The following content was originally posted on StarbucksFaster.com, written by Lenny, who worked at Starbucks from 2006-2013 (partner #1301323). He has dedicated his time to help new partners and baristas get the most out of their time at Starbucks.
Asked by Mimi:
Hi. My name is Mimi and I am a newly hired barista. Although I did go through a week of training, I feel completely unprepared. I panic every time I’m on register, and even feel self-conscious when I’m cleaning the lobby. I knew this job was going to be difficult for me, considering I have an anxiety disorder, but I was wondering if you had any tips on how to make it through these first few weeks. Specifically, tips regarding using the register and writing out the drinks quicker.
Totally understand where you’re coming from. When I started I was completely overwhelmed as well - I sucked at both dealing with customers and making drinks. I was so disappointed at my performance I was afraid they were going fire me at one point!
But after a few weeks I started to fall into a groove with register/bar, then came to the realization that most customers just want to get their drink, maybe have some small talk, and get on with their day.
So at a high level, there’s 2 things you can do to improve your performance:
1. Get good at small talk.
Because you have anxiety disorder I imagine this is more important - if you’re panicking when interacting with customers it’s hard to get better technical aspects of the job (register/bar).
The first couple of weeks are the hardest, because you don’t know your customers yet. Once you know the regulars (and they know you), you’ll naturally feel much more at ease. You’ll also realize 90% of the conversations you’ll have are about the same things, so you’ll pretty much have a list of generic responses and things to talk about.
It’ll probably be things like:
- “How’s your day going?”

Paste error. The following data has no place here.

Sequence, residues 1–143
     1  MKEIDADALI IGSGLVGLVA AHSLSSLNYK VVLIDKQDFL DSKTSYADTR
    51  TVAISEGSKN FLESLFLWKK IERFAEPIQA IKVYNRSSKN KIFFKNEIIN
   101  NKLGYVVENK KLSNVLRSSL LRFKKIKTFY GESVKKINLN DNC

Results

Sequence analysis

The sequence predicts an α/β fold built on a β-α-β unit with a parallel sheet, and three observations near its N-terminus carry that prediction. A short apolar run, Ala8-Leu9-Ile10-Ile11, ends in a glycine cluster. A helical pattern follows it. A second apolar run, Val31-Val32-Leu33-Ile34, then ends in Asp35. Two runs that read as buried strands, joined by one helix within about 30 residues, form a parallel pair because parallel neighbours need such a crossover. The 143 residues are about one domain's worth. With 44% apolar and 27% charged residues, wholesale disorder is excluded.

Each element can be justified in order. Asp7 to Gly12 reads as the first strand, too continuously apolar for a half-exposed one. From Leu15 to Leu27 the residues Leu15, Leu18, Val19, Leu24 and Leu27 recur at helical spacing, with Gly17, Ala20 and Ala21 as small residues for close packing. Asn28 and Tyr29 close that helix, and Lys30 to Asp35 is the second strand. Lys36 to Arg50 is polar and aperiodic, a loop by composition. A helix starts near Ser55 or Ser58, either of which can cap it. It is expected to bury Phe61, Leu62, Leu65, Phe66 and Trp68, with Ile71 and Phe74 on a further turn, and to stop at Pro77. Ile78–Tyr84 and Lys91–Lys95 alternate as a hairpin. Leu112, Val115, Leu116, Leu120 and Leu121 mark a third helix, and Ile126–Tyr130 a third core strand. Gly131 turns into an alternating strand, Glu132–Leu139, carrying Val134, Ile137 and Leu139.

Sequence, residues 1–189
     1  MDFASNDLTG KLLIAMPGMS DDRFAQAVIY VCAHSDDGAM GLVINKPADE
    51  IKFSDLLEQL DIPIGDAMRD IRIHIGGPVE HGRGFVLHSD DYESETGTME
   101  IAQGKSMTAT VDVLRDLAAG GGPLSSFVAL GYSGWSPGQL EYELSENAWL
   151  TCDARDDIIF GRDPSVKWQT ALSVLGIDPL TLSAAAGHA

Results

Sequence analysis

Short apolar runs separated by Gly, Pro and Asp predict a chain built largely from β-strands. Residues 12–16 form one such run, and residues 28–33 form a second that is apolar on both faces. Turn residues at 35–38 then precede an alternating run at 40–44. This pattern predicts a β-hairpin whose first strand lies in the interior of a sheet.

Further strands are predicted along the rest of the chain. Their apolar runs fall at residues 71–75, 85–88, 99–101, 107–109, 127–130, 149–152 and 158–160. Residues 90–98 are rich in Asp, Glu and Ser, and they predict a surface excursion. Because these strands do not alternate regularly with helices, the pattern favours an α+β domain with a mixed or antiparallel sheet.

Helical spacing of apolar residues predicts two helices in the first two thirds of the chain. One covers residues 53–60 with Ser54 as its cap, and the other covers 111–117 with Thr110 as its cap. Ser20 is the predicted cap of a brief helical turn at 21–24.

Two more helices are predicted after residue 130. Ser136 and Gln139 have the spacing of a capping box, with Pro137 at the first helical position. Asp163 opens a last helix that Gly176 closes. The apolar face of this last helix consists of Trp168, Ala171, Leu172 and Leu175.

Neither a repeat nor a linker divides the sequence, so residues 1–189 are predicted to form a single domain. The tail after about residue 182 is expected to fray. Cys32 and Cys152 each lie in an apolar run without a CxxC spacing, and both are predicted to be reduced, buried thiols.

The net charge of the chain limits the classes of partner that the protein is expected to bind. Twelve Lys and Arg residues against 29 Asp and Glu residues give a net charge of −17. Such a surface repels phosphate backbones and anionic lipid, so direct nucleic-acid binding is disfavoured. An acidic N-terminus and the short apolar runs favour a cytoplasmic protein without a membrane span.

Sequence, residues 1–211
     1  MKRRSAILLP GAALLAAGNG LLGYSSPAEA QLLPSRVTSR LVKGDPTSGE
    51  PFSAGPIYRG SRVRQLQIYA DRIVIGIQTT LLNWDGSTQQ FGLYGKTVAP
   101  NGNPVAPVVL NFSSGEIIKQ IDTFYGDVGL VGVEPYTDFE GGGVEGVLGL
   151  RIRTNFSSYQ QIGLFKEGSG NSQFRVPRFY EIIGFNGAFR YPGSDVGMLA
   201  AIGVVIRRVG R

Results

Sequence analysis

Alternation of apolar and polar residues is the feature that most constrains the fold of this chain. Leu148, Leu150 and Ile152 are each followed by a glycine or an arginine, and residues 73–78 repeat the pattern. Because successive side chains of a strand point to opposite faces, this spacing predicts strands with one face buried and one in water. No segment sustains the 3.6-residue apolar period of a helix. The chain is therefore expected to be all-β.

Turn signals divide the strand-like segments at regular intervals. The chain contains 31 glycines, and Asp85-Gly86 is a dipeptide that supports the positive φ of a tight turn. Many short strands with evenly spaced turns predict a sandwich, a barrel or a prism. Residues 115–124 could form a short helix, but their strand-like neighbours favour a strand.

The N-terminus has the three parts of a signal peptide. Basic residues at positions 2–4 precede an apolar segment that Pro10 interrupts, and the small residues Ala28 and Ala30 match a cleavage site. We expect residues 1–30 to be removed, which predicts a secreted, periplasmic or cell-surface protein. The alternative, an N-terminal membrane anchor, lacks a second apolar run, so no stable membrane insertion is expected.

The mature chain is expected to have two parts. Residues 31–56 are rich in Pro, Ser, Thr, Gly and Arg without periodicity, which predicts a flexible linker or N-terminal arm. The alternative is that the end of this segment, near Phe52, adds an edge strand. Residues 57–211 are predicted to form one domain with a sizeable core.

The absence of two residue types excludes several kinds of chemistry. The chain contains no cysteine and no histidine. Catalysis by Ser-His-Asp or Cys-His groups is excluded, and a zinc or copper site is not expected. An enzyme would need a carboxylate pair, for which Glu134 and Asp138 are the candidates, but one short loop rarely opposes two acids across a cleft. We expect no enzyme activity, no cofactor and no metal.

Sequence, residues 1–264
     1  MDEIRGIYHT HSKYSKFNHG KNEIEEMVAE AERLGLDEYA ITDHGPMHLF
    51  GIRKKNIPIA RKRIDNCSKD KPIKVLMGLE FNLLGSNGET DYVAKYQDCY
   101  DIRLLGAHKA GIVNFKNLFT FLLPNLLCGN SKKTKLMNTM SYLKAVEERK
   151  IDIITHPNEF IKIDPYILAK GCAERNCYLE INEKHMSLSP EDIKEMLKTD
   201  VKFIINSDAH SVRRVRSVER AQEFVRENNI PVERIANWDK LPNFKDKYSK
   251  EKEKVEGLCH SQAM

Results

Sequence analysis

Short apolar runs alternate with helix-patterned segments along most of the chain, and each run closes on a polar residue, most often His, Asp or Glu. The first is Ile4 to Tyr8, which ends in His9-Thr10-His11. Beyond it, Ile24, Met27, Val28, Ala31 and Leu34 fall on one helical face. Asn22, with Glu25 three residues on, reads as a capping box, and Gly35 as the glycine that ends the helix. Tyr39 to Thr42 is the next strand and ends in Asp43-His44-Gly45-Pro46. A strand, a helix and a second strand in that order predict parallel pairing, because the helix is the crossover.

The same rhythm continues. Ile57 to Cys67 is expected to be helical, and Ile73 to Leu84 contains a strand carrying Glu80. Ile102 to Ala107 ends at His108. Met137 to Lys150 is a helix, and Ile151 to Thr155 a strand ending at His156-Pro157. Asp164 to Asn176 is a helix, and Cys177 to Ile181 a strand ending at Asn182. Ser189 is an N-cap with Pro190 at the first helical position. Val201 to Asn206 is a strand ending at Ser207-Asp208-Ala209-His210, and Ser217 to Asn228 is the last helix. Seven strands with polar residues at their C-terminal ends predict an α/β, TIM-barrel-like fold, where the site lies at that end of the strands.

- “Do anything fun today?”
- “Any big plans for the weekend?”
- *Talk about sports*
- *Talk about Netflix*
- *Talk about school*
- *Complain about traffic*
- *Complain about work*
- *Complain about Mondays*
- *Complain about prices*
- *Complain about Christmas music* (notice a trend here? people complain a lot… just go with it.)
Customers will also ask question about Starbucks stuff. Don’t worry, once again, 90% of the questions are the same.
It’ll be questions like:
- When does X seasonal drink come out?
- How does X drink taste?
- Do you grind beans?
- What’s a Macchiato?
- Is there a key for the restroom? (you’ll get this AT LEAST once a day)
- Is this gluten free? (this might be a Bay Area thing…)
2. Get good at register/bar.
If your training was anything like mine, you probably don’t do anything very fast. That’s OK. You will get there.
If you want to study, you can find all the official Starbucks resources here. You should also have a copy in your store - you should flip through it while on your break.
I also wrote a high-level post about with some advice for new partners doing bar.
But there’s only so much I can do from here. I would highly suggest that you buddy-up with some of the senior baristas and learn from them. I learned so much from the staff when I was new – not just about Starbucks, but important skills in life (like how to invest money properly). You probably have a few pretty intelligent baristas in your store – ask a lot of questions and copy what they’re doing at work.
The first few weeks of Starbucks is very overwhelming… new environment, new customers, new partners, and a ton of skills to learn - I can’t imagine how difficult it must be with anxiety disorder.
But you’ll eventually get into a routine after a few weeks and everything will fall in place. You’ll get to know your partners, recognize customers, and write/make drinks without thinking - it just takes time. Stick with it!
Also understand that your customers probably like you more than you think.
Ok, hope that helped - good luck!
(just realized I didn’t really give you tips about how to do register better… maybe someone reading this will…)
Register advice from anon:
As for getting better with the register/POS system, i would suggest playing around with it when you’re not in a rush. Simply play around with it until you get familiar with where all the drinks are. We usually train our newbies in the afternoons where it’s quiet and we do that and we also begin “quizing” them. We pretend to be customers and tell them our order and they can practice ringing it in/writing it down.